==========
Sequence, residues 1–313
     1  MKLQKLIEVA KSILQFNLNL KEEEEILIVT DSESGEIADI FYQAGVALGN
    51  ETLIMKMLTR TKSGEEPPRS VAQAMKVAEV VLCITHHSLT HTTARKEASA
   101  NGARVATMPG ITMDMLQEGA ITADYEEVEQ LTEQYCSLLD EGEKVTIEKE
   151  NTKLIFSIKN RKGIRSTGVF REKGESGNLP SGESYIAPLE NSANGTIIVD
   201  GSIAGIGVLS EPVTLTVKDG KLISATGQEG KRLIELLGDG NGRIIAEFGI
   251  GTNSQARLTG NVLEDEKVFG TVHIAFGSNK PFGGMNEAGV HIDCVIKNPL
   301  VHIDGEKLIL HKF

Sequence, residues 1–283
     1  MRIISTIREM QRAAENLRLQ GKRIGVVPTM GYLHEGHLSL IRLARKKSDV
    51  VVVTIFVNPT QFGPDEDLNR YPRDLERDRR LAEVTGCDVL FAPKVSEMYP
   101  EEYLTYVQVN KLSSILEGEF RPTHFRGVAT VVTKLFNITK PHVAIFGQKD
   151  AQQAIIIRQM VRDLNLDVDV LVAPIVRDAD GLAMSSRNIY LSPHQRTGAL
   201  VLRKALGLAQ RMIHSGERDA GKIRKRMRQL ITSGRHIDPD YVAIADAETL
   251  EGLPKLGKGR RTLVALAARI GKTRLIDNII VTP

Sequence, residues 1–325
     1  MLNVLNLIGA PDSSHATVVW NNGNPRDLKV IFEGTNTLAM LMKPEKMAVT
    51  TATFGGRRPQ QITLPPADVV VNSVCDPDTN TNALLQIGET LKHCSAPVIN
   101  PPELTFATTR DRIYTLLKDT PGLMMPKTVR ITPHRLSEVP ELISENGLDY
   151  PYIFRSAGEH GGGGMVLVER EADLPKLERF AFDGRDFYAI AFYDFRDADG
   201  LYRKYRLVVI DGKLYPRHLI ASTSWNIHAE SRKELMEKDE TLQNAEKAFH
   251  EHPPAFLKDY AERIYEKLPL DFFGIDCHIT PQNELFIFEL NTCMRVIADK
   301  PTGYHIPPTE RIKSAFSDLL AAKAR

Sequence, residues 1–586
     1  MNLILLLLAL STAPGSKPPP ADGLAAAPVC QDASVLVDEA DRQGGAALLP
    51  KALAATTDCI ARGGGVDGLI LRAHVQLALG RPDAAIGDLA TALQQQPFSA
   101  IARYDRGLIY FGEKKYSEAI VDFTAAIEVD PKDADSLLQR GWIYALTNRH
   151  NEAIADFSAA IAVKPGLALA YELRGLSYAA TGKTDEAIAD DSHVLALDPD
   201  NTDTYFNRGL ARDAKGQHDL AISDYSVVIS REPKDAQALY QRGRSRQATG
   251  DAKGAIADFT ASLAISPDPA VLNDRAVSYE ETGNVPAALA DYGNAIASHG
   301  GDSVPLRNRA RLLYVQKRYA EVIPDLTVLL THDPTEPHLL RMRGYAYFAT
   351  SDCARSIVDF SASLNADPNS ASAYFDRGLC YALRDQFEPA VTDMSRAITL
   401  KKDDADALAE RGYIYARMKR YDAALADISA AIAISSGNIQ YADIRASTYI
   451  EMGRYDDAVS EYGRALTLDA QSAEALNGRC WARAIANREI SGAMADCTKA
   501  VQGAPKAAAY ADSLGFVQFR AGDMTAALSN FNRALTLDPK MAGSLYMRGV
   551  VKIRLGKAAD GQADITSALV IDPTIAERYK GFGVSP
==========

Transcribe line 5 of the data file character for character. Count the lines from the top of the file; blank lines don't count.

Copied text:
   151  NTKLIFSIKN RKGIRSTGVF REKGESGNLP SGESYIAPLE NSANGTIIVD